Brian Woolard Firefighter

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Brian Woollard has been a firefighter in our region for nearly 32 years, so in light of the recent bushfires, we wanted to get his perspective on the situation and some advice on how to be best prepared for the continued fire season ahead.

Hi Brian. Can you tell us about your connection with the Coffs Coast?

I was born and raised in Bellingen. I have been here all my life, which is not a bad spot to be, really!

You are a firefighter here in the region. Can you tell us about your role and what that involves?

I am the station commander of Fire and Rescue in Bellingen. My job is to maintain the operational capability of the station and the safety of my crew when at an incident. 

How long have you been with the fire brigade, and what has your role been through that career?

I’ve been here 32 years in January. I started out as a firefighter, and after about 10 years, I went into the Deputy Captain’s role, which I was in for about 17 years. Now I’ve been Captain for the past five years.

We have recently been seeing some of the worst conditions for bushfires that we’ve had for many years. What are the factors that contribute to fire ratings going up?

High fuel content. Any fire is like a triangle; take away the fuel, you won’t have any fire. The three things that make up the triangle are heat, fuel and oxygen. We can’t take the oxygen away, nor the heat, so that leaves the fuel. 

What has it been like to come face-to-face with fires of this scale?

We call them dynamic days (the ones you usually see on the news) when the winds pick up, and it becomes quite dangerous. We have extensive training for these situations, and each firefighter’s priority is their own safety first, other people’s safety second and property third, so if you can save a property in the line of fire, it’s great, but you have to make sure you can do it with the safety of yourself and others coming first.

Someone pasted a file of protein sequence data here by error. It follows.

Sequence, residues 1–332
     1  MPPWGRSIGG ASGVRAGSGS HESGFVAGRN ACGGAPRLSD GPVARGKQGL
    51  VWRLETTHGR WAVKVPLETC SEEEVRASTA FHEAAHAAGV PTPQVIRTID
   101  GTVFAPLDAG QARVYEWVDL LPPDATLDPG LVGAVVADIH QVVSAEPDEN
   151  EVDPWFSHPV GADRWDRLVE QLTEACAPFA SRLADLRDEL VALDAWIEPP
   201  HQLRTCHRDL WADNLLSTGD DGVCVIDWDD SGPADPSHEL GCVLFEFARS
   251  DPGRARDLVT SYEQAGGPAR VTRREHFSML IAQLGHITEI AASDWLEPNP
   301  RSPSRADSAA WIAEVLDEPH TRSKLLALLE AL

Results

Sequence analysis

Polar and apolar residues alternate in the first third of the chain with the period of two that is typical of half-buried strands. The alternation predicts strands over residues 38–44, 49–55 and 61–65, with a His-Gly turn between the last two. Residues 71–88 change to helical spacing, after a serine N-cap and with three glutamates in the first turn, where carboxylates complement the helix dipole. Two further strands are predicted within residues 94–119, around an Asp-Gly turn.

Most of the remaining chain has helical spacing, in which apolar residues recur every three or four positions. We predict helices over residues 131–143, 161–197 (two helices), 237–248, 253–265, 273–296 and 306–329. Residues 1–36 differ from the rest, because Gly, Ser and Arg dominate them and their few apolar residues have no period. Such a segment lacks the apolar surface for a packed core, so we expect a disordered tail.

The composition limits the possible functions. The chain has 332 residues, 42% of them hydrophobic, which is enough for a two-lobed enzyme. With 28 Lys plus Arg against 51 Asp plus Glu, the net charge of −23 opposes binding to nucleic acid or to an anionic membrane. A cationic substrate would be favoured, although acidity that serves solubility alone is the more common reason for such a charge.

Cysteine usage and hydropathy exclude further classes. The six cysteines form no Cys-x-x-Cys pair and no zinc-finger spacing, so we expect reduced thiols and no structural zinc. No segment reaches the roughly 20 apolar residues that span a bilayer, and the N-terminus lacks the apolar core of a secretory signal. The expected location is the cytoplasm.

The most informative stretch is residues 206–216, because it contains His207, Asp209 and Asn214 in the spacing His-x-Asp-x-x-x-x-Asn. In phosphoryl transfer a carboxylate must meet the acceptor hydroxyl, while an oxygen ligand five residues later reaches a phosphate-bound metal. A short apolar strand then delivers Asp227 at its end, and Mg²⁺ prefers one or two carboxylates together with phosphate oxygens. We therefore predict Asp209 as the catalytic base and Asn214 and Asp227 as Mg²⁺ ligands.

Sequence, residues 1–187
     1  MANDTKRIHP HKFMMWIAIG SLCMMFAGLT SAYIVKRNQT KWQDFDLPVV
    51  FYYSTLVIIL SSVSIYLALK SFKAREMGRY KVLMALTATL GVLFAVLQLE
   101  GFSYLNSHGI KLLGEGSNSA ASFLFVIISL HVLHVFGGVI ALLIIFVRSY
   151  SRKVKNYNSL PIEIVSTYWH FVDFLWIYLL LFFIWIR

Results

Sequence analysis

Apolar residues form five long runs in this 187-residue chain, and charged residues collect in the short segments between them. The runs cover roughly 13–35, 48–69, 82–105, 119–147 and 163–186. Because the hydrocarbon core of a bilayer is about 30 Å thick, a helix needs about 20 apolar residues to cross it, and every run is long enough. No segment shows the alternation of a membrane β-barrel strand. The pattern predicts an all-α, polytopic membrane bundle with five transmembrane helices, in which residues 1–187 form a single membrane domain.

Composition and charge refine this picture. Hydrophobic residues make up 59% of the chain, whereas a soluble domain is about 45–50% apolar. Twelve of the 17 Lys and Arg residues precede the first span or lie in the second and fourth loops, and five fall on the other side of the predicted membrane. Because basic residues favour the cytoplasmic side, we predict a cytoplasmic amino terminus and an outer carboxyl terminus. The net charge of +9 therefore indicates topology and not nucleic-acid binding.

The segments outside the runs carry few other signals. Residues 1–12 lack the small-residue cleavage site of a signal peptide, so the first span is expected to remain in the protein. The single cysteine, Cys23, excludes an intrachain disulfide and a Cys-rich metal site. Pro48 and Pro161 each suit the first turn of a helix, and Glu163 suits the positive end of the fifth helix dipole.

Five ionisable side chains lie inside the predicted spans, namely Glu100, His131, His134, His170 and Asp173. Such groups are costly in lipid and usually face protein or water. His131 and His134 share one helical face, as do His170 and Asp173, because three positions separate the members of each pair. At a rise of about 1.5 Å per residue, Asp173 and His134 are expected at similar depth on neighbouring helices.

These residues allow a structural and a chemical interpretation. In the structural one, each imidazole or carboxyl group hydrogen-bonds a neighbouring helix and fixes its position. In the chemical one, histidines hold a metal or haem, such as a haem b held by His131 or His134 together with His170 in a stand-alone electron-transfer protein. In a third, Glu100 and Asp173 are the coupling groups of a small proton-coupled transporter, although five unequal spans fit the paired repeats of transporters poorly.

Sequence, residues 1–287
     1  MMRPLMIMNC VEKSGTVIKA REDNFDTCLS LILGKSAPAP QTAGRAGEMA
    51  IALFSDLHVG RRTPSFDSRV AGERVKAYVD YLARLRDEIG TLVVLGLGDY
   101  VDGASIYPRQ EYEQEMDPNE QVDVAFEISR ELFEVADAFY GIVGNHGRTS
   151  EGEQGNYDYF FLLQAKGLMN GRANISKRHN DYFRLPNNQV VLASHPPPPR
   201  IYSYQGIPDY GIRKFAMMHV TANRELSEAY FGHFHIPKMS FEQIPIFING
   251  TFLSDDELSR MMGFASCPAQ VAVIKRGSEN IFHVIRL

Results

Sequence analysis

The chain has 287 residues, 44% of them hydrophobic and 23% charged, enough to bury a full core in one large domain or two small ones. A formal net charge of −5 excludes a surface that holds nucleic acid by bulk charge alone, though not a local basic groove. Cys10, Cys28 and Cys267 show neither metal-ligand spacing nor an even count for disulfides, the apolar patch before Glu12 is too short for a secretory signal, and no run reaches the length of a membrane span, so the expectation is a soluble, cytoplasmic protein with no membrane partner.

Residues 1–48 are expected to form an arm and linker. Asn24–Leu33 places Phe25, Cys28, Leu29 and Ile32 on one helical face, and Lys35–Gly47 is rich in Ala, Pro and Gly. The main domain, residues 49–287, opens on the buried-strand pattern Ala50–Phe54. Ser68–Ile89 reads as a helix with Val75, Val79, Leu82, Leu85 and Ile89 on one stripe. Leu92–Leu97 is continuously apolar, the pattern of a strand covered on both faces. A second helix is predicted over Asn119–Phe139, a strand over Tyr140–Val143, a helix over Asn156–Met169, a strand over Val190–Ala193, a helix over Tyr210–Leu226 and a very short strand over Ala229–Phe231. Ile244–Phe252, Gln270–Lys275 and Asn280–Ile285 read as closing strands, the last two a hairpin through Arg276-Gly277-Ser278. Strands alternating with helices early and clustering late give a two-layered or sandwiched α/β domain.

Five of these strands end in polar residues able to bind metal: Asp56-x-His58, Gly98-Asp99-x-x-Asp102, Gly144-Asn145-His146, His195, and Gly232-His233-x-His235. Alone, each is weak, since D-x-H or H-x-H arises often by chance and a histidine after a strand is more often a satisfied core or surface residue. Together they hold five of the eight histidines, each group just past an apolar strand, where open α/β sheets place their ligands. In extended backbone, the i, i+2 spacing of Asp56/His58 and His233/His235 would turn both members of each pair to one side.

Many have been commenting on how great the communication has been with the public during this period of high fire danger. What were some of the ways that you got word out to your local community?

The “Fires Near Me” app is great to stay up to date on where the fires are. Social media is great for spreading word fast throughout the community. Some towns may have town meetings; Fire and Rescue and Rural Fire Service held a joint meeting here in Bellingen, which saw about 300 people attending.

Where are some areas you can evacuate to if threatened by bushfire?

Fire is uncertain because we can’t always guarantee to be there to assist with everyone in rural areas when there is a dynamic day happening. Urban towns like Coffs Harbour, Bellingen, Urunga and others in the area are the safest place to be when there is a dynamic day happening. People in rural areas must be mindful that if a fire does come through, you may have your power cut off (which could mean internet and communication are affected) and be unable to receive help. 

How are teams organised to face these fires?

Fire and Rescue organise strike teams to assist the Rural Fire Service with the fires in the rural areas, and we still maintain fire protection in our own town. They have teams on the ground from different stations, and they will put them together in tankers, so strike teams will consist of three – four tankers that form one team. 

We have some of the biggest fires burning currently that have been burning for quite some time. How long is it likely to be before they’re extinguished?

It’s unsure when they will be completely extinguished, and we are reliant on rain. We would need a good soaking rain to come through to help extinguish those fires.

How do you prepare to protect yourself from a bushfire? 

The first thing is to create your fire plan with your partner or family. Be aware of what each fire danger rating means and use them to determine whether you stay and/or when you are going to leave. Prepare your important belongings early (passports, photos, etc.) and take only what you need. If you are with children, disabled persons, someone with illness or the elderly, please leave earlier. Inform family or friends if possible whether you are going to stay or go. If you are in doubt, leave as early as possible.

What can the community do to try and protect their house from an incoming bush fire?

Clear away all leaf litter, long and dry grasses, and any thick undergrowth near your home. Clear the gutters of any leaves or debris. If you have any overhanging branches over your house, try to clear them in a safe manner. Be sure to remove any flammables to a safe place and away from your home, in case of an ember attack. 

At the end of the day, help yourself as much as you can, because with the situation at the moment a truck may not be able to get to your property. If you are unable to protect your property and you know a fire is coming, leave as soon as you can. You can always replace a property, but you can never replace a life. 

What can people do to assist or contribute to the firefighting effort and members of the community who have been affected by the fires? 

There has been a huge support from all over the country with the fires. Any donation is very much appreciated. You can donate directly to the SES, Rural Fire Service or any number of organisations like Red Cross or similar charities that are supporting fire relief efforts.

Thanks, Brian.

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